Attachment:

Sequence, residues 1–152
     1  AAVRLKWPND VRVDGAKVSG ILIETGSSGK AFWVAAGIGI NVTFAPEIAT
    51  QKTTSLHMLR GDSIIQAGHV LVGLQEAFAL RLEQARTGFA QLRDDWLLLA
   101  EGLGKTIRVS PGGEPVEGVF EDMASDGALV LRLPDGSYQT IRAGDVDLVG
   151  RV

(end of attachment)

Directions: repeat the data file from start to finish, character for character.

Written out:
Sequence, residues 1–152
     1  AAVRLKWPND VRVDGAKVSG ILIETGSSGK AFWVAAGIGI NVTFAPEIAT
    51  QKTTSLHMLR GDSIIQAGHV LVGLQEAFAL RLEQARTGFA QLRDDWLLLA
   101  EGLGKTIRVS PGGEPVEGVF EDMASDGALV LRLPDGSYQT IRAGDVDLVG
   151  RV